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Quantitative Studies on Mammalian Muscle Spindles and their Sensory Innervation

  • Robert Banks
  • Michael Stacey

Abstract

It is not surprising, in view of the various functional roles played by skeletal muscles, that each muscle should possess a characteristic proprioceptive innervation. Muscle spindles are relatively easy to count and have been the main subject of quantitative studies. In drawing comparisons between different muscles, most authors have used the number of spindles per gram of adult muscle, or spindle density, as a measure of relative abundance. In both man and cat, where sufficient muscles have been examined, smaller muscles have been found usually to have higher spindle densities than larger muscles (reviewed by Hosokawa, 1961; Voss, 1971; and Barker, 1974). This has frequently led to the suggestion that the higher densities are functionally appropriate to small muscles involved in fine postural adjustment or manipulation, yet it has never been demonstrated that it is justifiable to relate spindle number linearly to muscle mass as a simple density.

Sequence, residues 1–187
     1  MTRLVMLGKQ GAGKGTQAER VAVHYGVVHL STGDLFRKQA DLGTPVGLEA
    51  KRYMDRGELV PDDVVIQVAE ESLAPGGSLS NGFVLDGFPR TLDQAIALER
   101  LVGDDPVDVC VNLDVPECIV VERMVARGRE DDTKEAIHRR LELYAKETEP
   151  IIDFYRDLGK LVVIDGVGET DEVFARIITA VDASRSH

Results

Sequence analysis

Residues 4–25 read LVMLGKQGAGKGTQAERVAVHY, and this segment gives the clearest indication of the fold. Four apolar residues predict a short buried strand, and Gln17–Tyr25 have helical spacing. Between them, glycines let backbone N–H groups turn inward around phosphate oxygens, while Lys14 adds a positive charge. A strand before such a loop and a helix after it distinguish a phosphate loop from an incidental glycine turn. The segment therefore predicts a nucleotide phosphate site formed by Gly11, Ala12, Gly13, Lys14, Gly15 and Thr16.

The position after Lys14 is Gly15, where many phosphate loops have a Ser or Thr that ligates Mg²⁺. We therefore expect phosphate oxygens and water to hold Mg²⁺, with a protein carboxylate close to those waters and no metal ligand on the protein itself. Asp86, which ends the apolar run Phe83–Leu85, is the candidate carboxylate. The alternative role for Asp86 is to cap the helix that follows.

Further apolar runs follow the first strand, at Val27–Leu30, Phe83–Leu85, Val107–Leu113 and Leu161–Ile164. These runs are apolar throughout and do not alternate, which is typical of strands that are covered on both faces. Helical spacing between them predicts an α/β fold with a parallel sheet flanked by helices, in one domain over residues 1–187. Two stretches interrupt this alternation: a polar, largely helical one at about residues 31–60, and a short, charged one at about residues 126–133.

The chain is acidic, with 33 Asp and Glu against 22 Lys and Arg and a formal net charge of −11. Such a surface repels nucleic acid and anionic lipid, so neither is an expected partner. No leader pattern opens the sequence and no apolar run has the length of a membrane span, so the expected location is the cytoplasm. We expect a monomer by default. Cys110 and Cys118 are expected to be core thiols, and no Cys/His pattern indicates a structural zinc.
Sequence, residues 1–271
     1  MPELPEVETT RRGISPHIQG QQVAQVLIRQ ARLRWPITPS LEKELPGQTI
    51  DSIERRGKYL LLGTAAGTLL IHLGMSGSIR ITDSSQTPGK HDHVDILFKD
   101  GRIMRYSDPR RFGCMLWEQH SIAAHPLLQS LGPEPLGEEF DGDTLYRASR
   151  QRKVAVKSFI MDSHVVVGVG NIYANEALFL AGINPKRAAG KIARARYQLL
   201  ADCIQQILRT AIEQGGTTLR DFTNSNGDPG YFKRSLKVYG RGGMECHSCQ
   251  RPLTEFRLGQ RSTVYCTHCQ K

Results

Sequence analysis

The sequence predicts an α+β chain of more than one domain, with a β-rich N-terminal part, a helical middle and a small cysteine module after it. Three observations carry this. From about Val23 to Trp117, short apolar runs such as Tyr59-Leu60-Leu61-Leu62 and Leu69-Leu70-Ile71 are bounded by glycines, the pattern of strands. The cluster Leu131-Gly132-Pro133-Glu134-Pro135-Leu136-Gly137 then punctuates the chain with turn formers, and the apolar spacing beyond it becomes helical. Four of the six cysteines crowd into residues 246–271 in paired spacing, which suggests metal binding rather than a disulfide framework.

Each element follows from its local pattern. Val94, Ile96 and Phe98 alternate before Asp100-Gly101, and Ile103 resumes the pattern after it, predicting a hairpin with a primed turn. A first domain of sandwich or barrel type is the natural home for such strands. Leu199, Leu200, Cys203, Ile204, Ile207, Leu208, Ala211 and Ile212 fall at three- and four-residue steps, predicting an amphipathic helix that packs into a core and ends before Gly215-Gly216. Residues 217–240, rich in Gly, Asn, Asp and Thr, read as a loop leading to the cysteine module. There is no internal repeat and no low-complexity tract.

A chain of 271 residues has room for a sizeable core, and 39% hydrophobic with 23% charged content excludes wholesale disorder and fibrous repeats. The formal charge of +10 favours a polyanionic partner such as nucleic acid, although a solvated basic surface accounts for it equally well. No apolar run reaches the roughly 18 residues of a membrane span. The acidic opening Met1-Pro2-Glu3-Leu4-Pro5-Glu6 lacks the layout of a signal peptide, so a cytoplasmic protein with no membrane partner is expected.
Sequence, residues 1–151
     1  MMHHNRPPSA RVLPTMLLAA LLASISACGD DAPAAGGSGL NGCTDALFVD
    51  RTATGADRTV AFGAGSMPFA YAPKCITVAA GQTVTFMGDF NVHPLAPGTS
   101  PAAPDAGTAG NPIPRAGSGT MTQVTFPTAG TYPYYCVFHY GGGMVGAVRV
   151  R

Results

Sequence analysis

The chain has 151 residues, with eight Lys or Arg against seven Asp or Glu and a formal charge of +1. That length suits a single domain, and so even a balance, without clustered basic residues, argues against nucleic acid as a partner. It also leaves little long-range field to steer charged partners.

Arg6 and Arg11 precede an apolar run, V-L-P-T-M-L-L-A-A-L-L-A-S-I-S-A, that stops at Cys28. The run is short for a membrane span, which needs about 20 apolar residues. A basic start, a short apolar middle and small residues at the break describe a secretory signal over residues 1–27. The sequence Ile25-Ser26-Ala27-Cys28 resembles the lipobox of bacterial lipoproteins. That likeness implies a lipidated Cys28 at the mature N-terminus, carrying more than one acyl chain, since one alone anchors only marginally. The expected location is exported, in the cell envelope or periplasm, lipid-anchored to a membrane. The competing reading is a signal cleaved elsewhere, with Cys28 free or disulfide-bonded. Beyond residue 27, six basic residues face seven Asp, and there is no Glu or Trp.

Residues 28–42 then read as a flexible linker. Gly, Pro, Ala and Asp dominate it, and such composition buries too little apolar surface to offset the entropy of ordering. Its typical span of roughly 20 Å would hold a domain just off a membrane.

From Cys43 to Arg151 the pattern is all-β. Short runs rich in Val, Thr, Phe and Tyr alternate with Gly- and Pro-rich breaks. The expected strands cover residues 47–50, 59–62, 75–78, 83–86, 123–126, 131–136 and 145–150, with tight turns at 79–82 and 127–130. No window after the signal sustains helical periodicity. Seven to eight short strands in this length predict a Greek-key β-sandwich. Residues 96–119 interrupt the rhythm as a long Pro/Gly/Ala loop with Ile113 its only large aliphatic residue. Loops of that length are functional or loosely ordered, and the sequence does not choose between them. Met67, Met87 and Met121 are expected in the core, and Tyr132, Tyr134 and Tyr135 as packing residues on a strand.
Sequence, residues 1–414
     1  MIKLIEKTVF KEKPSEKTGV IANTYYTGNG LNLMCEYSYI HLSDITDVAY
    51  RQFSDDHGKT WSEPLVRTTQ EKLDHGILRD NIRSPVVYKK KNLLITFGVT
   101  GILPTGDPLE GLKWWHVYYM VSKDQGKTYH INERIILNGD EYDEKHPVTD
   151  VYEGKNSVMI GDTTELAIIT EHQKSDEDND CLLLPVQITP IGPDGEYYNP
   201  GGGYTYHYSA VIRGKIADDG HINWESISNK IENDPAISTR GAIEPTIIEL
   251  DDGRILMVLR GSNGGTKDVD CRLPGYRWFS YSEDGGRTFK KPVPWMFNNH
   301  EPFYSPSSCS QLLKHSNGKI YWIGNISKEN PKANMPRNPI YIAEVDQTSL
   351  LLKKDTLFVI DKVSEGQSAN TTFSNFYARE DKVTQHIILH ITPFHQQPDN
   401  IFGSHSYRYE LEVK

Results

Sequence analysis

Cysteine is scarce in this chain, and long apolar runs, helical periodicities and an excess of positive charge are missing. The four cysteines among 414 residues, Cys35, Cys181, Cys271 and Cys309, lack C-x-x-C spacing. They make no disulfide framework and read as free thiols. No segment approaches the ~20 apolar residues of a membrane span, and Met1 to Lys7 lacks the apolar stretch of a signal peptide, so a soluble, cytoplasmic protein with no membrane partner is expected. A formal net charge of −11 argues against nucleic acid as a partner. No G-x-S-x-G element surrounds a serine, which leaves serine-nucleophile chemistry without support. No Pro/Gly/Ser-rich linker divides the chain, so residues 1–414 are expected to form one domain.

Keywords

Muscle Spindle Muscle Weight Small Muscle Sensory Innervation Muscle Receptor 
These keywords were added by machine and not by the authors. This process is experimental and the keywords may be updated as the learning algorithm improves.

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Copyright information

© Springer Science+Business Media New York 1988

Authors and Affiliations

  • Robert Banks
    • 1
  • Michael Stacey
    • 1
  1. 1.Department of ZoologyUniversity of DurhamDurhamUK

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